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Restraint of Trade Clauses – Getting it Right

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By Marianne Marchesi, Associate, MST Lawyers

Restraint of trade clauses (sometimes referred to as non-compete covenants) are commonplace in franchise agreements.  Their purpose is to protect the Franchisor’s interests, including, amongst other things, the Franchisor’s goodwill and business model.

A restraint of trade clause refers to a clause that restricts the liberty of the Franchisee to conduct a similar business once the franchise agreement comes to an end. It might also refer to a restriction on the Franchisee having another business during the term of the franchise agreement.

Generally speaking, restraint of trade clauses are prima facie void as they are considered to be anti-competitive in nature and against public policy.  However, a clause may be upheld if the Franchisor can show that the clause does not exceed what is reasonably required in the circumstances and protects a legitimate business interest of the Franchisor.

The enforceability of a clause is, therefore, dependent on it being reasonable and necessary to protect a legitimate business interest.  As such, “reasonableness” is a crucial element of a restraint of trade clause, the necessity of which is highlighted in the case of Cafe2u Pty Ltd v Bishambu Pty Ltd [2013] FCA 191.


Cafe2U is a franchisor of mobile coffee vans in Australia.  In 2011 they entered into a five year franchise agreement with Bishambu Pty Ltd (Bishambu).  Cafe2U claimed that Bishambu had breached its franchise agreement with Cafe2U by failing to pay fees due under their agreement and running a mobile coffee van and cart in competition with Cafe2U called “Café Metro”.  The Café Metro website replicated the Cafe2U menu items and descriptions. It also appeared that the Franchisee was purchasing products from Cafe2U, however using them for the Café Metro business.

Cafe2U terminated the franchise agreement on the grounds of the Franchisee voluntarily abandoning the franchise business, and sought an injunction preventing the Franchisee and Guarantors from carrying on the Café Metro business (or any similar business) for a period of 6 months within the Territory (Glen Waverley).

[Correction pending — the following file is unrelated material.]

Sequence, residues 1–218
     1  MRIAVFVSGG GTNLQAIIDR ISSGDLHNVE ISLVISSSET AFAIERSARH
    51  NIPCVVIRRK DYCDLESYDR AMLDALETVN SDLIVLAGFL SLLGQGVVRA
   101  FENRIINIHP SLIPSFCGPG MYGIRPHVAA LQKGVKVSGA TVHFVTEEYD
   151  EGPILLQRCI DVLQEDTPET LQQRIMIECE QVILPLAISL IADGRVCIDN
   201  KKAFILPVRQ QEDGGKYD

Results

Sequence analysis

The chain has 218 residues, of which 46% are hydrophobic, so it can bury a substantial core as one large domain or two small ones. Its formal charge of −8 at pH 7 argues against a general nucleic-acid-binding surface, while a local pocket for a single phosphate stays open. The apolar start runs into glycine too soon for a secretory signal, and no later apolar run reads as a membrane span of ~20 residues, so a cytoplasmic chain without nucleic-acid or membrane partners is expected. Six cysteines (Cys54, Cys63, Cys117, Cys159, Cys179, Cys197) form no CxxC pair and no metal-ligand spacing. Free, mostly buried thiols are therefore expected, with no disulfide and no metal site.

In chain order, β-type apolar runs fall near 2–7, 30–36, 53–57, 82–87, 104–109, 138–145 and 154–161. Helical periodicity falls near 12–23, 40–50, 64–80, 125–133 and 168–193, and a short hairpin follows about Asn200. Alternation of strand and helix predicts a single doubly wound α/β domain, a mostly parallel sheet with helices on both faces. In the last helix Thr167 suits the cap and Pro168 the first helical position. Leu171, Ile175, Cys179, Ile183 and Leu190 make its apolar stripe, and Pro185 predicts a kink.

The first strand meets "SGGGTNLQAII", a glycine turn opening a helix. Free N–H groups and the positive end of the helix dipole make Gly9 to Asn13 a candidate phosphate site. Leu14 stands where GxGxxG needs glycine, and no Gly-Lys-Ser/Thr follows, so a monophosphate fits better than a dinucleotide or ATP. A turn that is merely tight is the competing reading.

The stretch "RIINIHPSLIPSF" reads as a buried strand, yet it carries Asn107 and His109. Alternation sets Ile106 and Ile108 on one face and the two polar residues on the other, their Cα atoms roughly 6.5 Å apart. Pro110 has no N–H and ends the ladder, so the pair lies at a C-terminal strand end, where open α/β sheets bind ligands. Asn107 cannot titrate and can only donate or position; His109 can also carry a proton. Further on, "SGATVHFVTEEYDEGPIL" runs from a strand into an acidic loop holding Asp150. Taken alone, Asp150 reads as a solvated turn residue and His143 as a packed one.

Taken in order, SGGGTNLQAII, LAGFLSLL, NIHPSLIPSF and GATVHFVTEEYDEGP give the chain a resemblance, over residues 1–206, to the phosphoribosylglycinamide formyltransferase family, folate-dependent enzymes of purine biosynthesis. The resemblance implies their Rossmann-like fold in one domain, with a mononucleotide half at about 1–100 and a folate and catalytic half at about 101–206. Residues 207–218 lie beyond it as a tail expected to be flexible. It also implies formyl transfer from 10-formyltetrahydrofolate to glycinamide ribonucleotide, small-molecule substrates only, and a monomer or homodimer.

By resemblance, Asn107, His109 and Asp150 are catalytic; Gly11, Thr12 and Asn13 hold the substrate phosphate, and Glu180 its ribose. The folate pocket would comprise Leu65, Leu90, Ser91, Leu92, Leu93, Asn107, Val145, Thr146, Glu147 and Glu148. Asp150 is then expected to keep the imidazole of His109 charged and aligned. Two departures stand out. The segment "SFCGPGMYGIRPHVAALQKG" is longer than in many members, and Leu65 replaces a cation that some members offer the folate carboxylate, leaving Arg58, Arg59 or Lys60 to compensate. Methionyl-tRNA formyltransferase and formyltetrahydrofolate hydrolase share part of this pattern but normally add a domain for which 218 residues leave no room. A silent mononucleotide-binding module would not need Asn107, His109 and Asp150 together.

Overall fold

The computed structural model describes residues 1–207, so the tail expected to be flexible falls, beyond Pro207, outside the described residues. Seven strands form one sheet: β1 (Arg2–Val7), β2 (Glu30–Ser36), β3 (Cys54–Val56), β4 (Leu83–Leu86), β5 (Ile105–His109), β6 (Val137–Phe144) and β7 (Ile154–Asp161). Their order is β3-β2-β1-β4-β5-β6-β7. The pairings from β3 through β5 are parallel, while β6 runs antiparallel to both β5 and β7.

The court found that a non-compete period of six months and the restraint area of Glen Waverley was reasonable, and that the franchise agreement had been validly terminated.  It granted the Franchisor an injunction, preventing the Franchisee from continuing to operate a mobile food and beverage business in Glen Waverley for the 6 month restraint period.

The necessity of a reasonable clause is also examined in the New Zealand case of Health Club Brands Limited v Colven Botany Limited [2013] NZHC 428.


Health Club Brands (HCB) operated a gym franchise in Auckland, New Zealand.  Between 2009 and 2011, Colven entered into franchise agreements with HCB to operate three gyms.  In 2013, Colven terminated each franchise agreement on the grounds that HCB had made a misrepresentation to Colven. Following the terminations, the gyms were immediately rebranded and continued to trade under a new name.  HCB claimed that Colven’s actions amounted to a repudiation of each of the franchise agreements, and sought to rely upon the restraint of trade clauses in the agreements that prohibited Colven from conducting or being interested in any health and fitness business within an area of five kilometres from the premises formerly operated by them as a HCB franchise gym.  If this argument was upheld, the rebranded gym would have to be shut down.

Each of the three agreements involved the same four alternatives as to length of time and area.  The clause was to be read as including four successive covenants so as to facilitate the severance of any unreasonable aspect of the clause so that a narrower restraint may still operate.  However, in two of the three agreements, additional detail regarding the area had not been completed and in the third agreement there had been a handwritten insertion concerning the area.  The first two agreements were incomplete and although the third agreement specified an area, no time limit was stipulated.  As such, the incomplete nature of the clauses meant the injunction HCB was seeking had nothing to attach itself to.


The court held that due to the incomplete nature of the restraint clauses, the restraints were unenforceable.  Although HCB was unable to rely upon the restraint of trade clauses, it was able to enforce the provisions of another clause in the agreement that required the assignment of the lease of each of the premises, thus achieving the same outcome as a restraint of trade clause by compelling Colven to cease trading from the premises.

Both of the above cases serve as a reminder of the importance of properly drafted restraint of trade clauses to ensure that the interests of the Franchisor are protected.  In NSW, courts have the ability to enforce a reasonable restraint of trade clause by reading down provisions which may on their face be too widely expressed in terms of area, time or extent. In all other states where there is no such ability, restraint of trade clauses should be carefully drafted and cascading clauses (where there are multiple options) and which allow any unreasonable restraint to be severed should be considered.

For further information on restraint of trade clauses, please contact our experienced Corporate Advisory and Franchising Team on +61 3 8540 0200 or email the author of this article, Marianne Marchesi.